Because nature determines that high frequencies reside at the skin of every conductor, it is easy to understand why LessLoss Skin-filtering is the audiophile's best and most efficient tool to condition the power before it enters his or her audio component. Treating the skin of the conductor attenuates HF noise, preventing it from entering your gear. Because this filtering solution is employed only at the skin of the conductor, the solution never restricts the low frequency power flow that your gear relies on. This way LessLoss Skin-filtering provides enhanced HF attenuation along the entire length of the cable, all the way to the IEC inlet. Unlike traditional filters and conditioners, it does so without compromising dynamics or coloring the sound.




How it sounds was our driving concern while selecting the most suitable power plugs for the DFPC. We scrupulously tested more than 20 different candidates of power plugs (eg., Wattgate, Furutech, Oyaide, and others) from all over the world, carefully considering design aspects which contribute to the most organic, natural sound. Contrary to their pricing gradation, for us, the winner wasn’t any manufacturer’s top-of-the-line connector; the clear winner was the Oyaide ruby-colored 079 series.


Oyaide 079: high quality, high performance

The 079’s contact pins are individually machined out of single pieces of solid bar stock (deoxidized phosphorous bronze), instead of being stamped, crimped, or welded together, as is standard practice in mass manufacturing. This offers the best conductivity. Also, no nickel plating is used between the bronze and 24K gold. Instead, the surface is polished by hand, twice. These two polishing processes, combined with two layers of gold, yield a mirror perfect finish.

Hand polishing is carried out to a perfection which the audiophile will appreciate. Does this seem unnecessary? Nobody would go to this trouble if it weren’t audible, right? We tested it. A little fine sandpaper and a few cringes later, we must confirm Oyaide’s findings. For more information please see the manufacturer’s website: www.Oyaide.com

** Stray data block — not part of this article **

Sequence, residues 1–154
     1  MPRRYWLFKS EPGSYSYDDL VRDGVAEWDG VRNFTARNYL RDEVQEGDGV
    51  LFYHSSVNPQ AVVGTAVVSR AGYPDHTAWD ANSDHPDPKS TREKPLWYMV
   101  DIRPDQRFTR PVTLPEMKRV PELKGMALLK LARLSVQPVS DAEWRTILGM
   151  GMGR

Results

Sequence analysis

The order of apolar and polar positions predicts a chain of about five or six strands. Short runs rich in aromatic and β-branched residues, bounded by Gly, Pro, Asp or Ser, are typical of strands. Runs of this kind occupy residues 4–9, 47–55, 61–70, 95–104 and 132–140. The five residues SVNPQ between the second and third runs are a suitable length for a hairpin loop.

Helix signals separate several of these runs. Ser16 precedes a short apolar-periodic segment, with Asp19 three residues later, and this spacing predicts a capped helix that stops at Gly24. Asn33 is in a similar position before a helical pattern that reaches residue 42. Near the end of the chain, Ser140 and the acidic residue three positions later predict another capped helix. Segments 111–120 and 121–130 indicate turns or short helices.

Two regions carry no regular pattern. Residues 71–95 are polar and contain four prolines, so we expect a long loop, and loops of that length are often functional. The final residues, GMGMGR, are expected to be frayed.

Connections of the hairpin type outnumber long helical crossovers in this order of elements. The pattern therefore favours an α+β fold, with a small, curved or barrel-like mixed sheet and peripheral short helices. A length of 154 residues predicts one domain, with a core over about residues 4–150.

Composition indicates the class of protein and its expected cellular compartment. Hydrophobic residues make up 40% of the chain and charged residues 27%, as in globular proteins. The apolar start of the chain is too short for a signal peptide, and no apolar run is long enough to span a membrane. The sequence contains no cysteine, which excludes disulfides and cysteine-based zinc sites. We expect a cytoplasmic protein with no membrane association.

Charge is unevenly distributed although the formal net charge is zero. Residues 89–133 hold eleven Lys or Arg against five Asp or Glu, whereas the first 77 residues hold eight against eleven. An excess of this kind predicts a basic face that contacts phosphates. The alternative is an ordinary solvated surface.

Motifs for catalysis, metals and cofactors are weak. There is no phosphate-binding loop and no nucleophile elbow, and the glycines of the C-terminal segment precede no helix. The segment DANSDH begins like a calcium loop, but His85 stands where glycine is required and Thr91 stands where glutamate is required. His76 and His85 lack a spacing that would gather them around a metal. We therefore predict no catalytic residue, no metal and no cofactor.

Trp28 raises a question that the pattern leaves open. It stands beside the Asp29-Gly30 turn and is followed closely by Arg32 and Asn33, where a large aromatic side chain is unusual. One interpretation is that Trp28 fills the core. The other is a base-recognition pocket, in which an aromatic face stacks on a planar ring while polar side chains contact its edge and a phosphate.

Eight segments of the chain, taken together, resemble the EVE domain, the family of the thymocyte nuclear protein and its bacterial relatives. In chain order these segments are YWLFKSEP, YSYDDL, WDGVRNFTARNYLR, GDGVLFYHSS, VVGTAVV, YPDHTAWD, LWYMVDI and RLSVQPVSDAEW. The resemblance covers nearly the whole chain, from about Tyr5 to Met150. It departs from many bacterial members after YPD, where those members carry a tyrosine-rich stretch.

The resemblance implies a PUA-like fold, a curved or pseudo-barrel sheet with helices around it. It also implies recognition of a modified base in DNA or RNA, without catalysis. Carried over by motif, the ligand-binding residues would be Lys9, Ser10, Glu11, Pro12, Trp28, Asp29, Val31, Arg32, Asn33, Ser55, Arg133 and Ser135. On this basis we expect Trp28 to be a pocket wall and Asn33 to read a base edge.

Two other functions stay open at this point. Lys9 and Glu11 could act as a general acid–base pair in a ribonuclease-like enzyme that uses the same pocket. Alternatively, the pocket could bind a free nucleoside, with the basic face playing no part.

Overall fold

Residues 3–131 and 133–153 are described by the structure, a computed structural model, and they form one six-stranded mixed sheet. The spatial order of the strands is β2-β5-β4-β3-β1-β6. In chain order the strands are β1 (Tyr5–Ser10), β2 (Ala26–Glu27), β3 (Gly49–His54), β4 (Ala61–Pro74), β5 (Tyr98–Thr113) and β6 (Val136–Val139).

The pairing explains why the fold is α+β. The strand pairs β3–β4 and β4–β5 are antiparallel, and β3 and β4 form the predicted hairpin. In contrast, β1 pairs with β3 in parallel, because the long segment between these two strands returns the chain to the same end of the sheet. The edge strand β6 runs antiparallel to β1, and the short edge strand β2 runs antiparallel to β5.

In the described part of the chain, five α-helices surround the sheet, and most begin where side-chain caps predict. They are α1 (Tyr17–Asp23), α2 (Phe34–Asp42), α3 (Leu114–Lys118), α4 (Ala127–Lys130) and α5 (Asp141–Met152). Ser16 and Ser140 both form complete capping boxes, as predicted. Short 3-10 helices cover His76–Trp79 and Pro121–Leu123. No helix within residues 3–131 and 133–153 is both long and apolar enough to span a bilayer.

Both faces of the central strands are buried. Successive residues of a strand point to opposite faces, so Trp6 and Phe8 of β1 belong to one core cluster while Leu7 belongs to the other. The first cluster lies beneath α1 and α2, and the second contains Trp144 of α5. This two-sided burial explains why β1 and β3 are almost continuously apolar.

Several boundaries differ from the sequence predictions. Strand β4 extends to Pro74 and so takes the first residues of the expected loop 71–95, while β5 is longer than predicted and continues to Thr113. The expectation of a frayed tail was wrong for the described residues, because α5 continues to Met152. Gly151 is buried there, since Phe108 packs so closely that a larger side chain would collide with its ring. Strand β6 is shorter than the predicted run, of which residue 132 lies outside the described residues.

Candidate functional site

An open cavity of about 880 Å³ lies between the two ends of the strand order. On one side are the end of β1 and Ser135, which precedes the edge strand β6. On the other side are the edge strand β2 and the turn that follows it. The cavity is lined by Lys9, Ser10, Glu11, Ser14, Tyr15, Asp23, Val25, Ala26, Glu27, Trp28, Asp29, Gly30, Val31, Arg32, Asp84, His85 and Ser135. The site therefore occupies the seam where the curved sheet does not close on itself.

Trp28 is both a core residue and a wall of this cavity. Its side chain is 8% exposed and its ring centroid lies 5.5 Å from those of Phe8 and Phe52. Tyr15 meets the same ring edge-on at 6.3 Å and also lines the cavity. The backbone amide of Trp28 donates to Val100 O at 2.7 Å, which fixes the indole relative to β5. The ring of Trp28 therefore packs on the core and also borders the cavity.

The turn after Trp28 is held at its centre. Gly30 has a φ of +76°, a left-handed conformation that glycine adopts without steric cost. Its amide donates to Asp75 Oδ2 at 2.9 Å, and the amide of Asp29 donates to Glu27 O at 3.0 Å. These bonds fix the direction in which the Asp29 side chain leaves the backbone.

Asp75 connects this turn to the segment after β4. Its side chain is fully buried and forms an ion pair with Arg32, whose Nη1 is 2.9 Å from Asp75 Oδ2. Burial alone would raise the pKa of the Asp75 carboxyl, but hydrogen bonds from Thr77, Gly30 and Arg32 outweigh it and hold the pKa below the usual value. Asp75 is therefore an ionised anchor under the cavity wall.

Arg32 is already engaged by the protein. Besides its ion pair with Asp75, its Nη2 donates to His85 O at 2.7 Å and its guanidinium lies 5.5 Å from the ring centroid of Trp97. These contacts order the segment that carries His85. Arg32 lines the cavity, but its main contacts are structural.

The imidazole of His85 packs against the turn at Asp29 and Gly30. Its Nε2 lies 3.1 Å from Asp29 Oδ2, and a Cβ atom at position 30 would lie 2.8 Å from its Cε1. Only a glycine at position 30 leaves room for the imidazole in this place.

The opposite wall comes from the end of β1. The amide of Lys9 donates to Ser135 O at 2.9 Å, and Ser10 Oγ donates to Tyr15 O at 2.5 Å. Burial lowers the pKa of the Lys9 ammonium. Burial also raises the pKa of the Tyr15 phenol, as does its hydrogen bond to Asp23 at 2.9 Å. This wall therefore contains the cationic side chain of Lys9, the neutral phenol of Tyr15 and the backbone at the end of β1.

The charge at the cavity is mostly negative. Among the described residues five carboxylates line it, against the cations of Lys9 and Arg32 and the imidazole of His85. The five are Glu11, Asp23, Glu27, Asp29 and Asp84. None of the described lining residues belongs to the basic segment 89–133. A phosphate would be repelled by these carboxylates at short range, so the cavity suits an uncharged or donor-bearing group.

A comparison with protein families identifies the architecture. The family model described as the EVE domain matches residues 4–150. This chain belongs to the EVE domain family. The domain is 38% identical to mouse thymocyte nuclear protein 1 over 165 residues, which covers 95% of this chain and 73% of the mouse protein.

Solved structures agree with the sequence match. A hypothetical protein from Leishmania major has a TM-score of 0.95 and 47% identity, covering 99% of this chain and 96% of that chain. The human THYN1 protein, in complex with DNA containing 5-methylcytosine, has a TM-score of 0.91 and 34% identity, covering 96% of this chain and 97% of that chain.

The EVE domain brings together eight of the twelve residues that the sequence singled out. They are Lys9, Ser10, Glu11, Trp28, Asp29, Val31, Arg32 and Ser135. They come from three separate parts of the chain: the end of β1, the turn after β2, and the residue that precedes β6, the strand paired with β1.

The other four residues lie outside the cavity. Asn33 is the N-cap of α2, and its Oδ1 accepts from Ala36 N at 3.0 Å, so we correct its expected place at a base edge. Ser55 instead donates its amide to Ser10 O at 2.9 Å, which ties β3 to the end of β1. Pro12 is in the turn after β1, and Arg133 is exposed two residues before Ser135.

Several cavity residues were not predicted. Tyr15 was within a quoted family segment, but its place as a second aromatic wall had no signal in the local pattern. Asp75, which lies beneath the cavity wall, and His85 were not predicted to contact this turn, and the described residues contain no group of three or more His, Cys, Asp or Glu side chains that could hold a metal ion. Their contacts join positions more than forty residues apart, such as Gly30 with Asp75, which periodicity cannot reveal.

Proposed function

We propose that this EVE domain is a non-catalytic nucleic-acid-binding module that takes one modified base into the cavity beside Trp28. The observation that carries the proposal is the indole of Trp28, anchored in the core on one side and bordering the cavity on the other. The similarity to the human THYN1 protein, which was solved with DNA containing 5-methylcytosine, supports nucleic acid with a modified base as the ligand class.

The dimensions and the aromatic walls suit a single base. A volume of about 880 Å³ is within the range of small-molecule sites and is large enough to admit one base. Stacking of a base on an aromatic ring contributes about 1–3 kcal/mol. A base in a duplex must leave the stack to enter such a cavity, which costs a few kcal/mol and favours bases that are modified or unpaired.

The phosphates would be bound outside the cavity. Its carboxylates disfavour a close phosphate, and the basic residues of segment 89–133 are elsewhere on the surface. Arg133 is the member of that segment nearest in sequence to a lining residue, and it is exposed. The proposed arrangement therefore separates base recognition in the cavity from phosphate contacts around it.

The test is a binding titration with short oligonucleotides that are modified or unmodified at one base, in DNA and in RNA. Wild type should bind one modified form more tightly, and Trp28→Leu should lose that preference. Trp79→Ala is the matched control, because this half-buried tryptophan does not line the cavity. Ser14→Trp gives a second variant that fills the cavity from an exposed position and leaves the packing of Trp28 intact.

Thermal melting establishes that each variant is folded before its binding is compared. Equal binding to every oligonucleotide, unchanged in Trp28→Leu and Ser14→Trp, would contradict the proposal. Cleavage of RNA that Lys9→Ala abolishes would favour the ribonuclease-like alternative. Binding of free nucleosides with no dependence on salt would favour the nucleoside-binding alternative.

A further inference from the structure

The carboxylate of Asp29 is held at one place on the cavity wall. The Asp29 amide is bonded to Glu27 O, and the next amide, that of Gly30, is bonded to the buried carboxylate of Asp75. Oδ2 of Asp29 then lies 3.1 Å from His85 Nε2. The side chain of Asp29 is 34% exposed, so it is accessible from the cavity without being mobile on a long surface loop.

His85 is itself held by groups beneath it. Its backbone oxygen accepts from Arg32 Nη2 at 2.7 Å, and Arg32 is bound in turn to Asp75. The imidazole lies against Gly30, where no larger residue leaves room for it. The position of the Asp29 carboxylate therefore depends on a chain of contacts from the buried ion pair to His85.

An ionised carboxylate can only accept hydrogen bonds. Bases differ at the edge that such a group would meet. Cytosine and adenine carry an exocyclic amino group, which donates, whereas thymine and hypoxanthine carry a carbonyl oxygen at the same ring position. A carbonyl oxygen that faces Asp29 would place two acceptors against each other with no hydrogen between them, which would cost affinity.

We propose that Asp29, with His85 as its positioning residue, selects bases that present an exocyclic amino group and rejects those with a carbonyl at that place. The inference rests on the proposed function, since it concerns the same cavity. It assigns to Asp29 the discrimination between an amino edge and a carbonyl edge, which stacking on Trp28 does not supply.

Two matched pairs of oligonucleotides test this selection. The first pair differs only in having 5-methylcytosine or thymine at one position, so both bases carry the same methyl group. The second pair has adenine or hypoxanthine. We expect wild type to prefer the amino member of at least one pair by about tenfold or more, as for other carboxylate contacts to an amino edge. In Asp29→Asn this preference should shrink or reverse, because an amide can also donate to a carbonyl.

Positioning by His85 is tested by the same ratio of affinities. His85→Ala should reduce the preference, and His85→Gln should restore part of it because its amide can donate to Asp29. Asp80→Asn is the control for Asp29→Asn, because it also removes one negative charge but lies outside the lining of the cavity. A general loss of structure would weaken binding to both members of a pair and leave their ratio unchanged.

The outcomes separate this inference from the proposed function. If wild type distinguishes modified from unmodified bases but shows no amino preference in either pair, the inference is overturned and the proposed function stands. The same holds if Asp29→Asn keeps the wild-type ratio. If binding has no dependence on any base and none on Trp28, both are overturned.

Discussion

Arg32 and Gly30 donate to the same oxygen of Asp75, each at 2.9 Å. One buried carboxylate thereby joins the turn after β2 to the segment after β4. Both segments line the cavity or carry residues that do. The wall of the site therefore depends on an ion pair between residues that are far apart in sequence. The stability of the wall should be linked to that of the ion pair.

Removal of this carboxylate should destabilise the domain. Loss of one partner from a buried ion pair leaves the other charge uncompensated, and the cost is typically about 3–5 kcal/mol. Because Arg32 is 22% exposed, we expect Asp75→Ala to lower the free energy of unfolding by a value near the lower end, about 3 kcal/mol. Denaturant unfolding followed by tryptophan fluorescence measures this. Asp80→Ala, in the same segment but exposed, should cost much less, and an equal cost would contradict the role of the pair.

The 079 is rigid, stable, and mechanically strong. It is heat-resistant up to 200°C. The shell of the connector is made of high density PBT with 30% glass-particle filler introduced into the body holding the electrical contacts. This provides high resonance absorption while maintaining excellent rigidity and stability when used with warm temperature gear (especially important under warmer operational conditions where power plugs lose rigidity and can consequently sound muddy).


Regarding the IEC connectors, it is the pressure of the contact surface area which defines much of the quality. Through experimentation, we found this to be as audible in the ground connection as it is in the two power connections (live and neutral).

Oyaide does not compromise on metal costs. The very generous thickness of metal used gives the IEC plugs a spring action so strong that even hundreds of connections in and out do not compromise their grip.

079 vs. 004 and M1/F1: power plug shootout

First, the differences: the 079 features two layers of gold plating over deoxidized phosphorous bronze contacts. The 004 and the M1/F1 connectors both have the same beryllium copper which is then plated with layers of platinum and palladium. One would expect the plugs with copper to be more conductive, but one must also consider comparing the gold plating to the combination of platinum/palladium, which represents the actual contact. In this case, gold is more conductive. So on paper, neither solution reveals itself as necessarily better. Listening tests are in order.